Toyota Tercel 1984-1994 Repair Guide

Bleeding the Brake System

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See Figures 1, 2 and 3

It is necessary to bleed the hydraulic system any time system has been opened or when air has become trapped within the fluid lines. It may be necessary to bleed the system at all four brakes if air has been introduced through a low fluid level or by disconnecting brake pipes at the master cylinder.

If a line is disconnected at one wheel only, generally only that brake needs bleeding. If lines are disconnected at any fitting between the master cylinder and the brake, the system components served by the disconnected pipe must be bled.

Do not allow brake fluid to splash or spill onto painted surfaces; the paint will be damaged. If spillage occurs, flush the area immediately with clean water.

  1. Fill the master cylinder reservoir to the MAX line with brake fluid and keep it full throughout the bleeding procedure.
  2.  



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Fig. Fig. 1: Make sure the master cylinder has a sufficient amount of fluid in the reservoir

  1. If the master cylinder has been removed or disconnected, it must be bled before any brake unit is bled. To bleed the master cylinder:
    1. Disconnect the front brake line from the master cylinder and allow fluid to flow from the front connector port.
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    3. Reconnect the line to the master cylinder and tighten until just snug.
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    5. Have a helper press the brake pedal down one time and hold it down.
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    7. Loosen the front brake line connection at the master cylinder. This will allow trapped air to escape, along with some fluid.
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    9. Again tighten the line, release the pedal slowly and repeat the sequence until only fluid runs from the port. No air bubbles should be present in the fluid.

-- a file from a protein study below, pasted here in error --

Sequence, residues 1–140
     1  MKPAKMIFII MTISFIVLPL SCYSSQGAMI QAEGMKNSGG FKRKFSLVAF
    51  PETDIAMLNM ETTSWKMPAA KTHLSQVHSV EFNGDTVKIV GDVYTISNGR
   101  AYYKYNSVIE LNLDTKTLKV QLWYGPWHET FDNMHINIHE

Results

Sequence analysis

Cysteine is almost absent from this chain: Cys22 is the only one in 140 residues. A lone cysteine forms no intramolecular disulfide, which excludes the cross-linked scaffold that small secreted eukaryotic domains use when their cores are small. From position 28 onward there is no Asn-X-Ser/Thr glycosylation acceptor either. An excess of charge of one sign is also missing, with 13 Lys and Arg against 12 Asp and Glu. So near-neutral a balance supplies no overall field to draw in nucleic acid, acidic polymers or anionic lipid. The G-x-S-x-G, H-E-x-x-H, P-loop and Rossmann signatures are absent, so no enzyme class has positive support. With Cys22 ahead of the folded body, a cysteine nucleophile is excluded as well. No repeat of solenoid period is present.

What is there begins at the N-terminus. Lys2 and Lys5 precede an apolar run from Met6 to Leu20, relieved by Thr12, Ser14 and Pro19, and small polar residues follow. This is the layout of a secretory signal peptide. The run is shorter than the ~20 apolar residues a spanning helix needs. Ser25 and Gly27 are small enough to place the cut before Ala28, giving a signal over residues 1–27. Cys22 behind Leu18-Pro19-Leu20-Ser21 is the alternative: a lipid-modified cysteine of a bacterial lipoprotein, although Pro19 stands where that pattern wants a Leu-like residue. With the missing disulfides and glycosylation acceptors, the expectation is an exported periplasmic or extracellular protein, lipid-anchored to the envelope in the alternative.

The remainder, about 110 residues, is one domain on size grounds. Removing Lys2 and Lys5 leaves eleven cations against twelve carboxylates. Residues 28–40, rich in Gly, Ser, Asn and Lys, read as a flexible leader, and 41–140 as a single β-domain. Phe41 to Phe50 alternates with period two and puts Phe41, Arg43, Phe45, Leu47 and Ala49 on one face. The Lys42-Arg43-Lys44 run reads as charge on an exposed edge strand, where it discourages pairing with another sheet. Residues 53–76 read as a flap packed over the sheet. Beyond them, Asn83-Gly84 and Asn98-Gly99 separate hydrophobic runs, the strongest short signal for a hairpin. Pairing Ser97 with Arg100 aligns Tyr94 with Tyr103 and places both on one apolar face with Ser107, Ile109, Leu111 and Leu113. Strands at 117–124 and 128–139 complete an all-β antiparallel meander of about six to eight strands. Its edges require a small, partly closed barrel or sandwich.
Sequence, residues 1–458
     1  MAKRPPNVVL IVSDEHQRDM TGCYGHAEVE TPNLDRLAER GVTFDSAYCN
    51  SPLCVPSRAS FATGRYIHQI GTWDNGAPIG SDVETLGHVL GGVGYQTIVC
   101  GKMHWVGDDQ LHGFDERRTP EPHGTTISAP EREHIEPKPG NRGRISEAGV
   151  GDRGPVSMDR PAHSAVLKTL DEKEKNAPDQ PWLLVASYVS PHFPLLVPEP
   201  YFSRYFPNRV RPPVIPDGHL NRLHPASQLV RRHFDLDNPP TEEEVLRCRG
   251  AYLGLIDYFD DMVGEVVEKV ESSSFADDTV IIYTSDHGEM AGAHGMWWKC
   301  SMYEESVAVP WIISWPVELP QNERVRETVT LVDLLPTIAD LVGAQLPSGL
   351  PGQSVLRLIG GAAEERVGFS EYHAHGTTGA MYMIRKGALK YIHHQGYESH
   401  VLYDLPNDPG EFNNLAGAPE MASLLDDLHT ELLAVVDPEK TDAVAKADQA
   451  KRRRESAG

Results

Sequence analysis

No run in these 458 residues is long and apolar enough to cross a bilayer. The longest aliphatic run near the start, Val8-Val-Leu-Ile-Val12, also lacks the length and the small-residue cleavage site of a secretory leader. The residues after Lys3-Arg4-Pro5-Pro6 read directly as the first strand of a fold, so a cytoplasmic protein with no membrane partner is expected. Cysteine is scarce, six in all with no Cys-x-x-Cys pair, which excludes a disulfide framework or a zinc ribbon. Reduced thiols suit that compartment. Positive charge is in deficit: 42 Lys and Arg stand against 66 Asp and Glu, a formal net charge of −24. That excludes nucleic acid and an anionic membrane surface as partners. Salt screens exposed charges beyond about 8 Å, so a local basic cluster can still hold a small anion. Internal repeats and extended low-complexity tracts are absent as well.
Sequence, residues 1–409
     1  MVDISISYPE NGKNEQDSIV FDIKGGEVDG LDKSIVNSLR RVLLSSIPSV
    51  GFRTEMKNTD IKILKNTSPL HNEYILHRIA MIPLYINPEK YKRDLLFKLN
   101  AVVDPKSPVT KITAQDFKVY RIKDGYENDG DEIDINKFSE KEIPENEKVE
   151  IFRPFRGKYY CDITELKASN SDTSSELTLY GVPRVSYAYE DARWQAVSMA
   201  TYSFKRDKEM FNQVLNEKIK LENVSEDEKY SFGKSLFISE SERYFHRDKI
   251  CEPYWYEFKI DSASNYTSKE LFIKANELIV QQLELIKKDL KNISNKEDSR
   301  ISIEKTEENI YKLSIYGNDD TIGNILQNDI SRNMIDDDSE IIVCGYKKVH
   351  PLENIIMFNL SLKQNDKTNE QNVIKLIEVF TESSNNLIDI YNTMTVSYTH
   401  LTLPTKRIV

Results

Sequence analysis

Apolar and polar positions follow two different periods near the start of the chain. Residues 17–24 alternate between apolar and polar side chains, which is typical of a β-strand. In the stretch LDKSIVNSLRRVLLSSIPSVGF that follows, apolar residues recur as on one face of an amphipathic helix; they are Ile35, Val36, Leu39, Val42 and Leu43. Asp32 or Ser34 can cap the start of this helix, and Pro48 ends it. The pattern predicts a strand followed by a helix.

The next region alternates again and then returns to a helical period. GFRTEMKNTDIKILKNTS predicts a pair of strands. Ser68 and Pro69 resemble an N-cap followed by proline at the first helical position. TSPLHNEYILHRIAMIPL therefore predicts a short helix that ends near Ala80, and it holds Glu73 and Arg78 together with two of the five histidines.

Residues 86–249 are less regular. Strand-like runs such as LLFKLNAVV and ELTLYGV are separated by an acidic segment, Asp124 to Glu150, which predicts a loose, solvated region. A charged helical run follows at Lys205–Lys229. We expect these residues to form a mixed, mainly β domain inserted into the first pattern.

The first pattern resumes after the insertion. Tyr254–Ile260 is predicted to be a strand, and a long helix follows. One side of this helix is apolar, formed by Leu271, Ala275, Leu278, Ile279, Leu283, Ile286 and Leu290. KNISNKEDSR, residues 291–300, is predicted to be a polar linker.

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    11. Final tighten the line fitting at the master cylinder to 11 ft. lbs. (15 Nm).
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    13. After all the air has been bled from the front connection, bleed the master cylinder at the rear connection by repeating the steps.
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  2.  
  3. Place the correct size box-end or line wrench over the bleeder valve, then attach a tight-fitting transparent hose over the bleeder. Allow the tube to hang submerged in a transparent container of clean brake fluid. The fluid must remain above the end of the hose at all times, otherwise the system will ingest air instead of fluid.
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  5. Have an assistant pump the brake pedal several times slowly, then hold it down.
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  7. Slowly unscrew the bleeder valve ( 1 / 4 - 1 / 2 turn is usually enough). After the initial rush of air and/or fluid, tighten the bleeder. Have the assistant slowly release the brake pedal.
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  9. Repeat the steps until no air bubbles are seen in the hose or container. If air is constantly appearing after repeatedly bleeding, the system must be examined for the source of the leak or loose fitting.
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  11. If the entire system must be bled, begin with the right rear, then the left front, left rear and right front brake in that order. After each brake is bled, check and top off the fluid level in the reservoir.
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Do not reuse brake fluid which has been bled from the brake system.

  1. After bleeding, check the pedal for sponginess. Repeat the bleeding procedure as necessary to correct.
  2.  



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Fig. Fig. 2: Position a box wrench over the bleeder screw at the top of the caliper



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Fig. Fig. 3: The bleeder screw for rear drum brakes is next to the inlet line for the wheel cylinder

 
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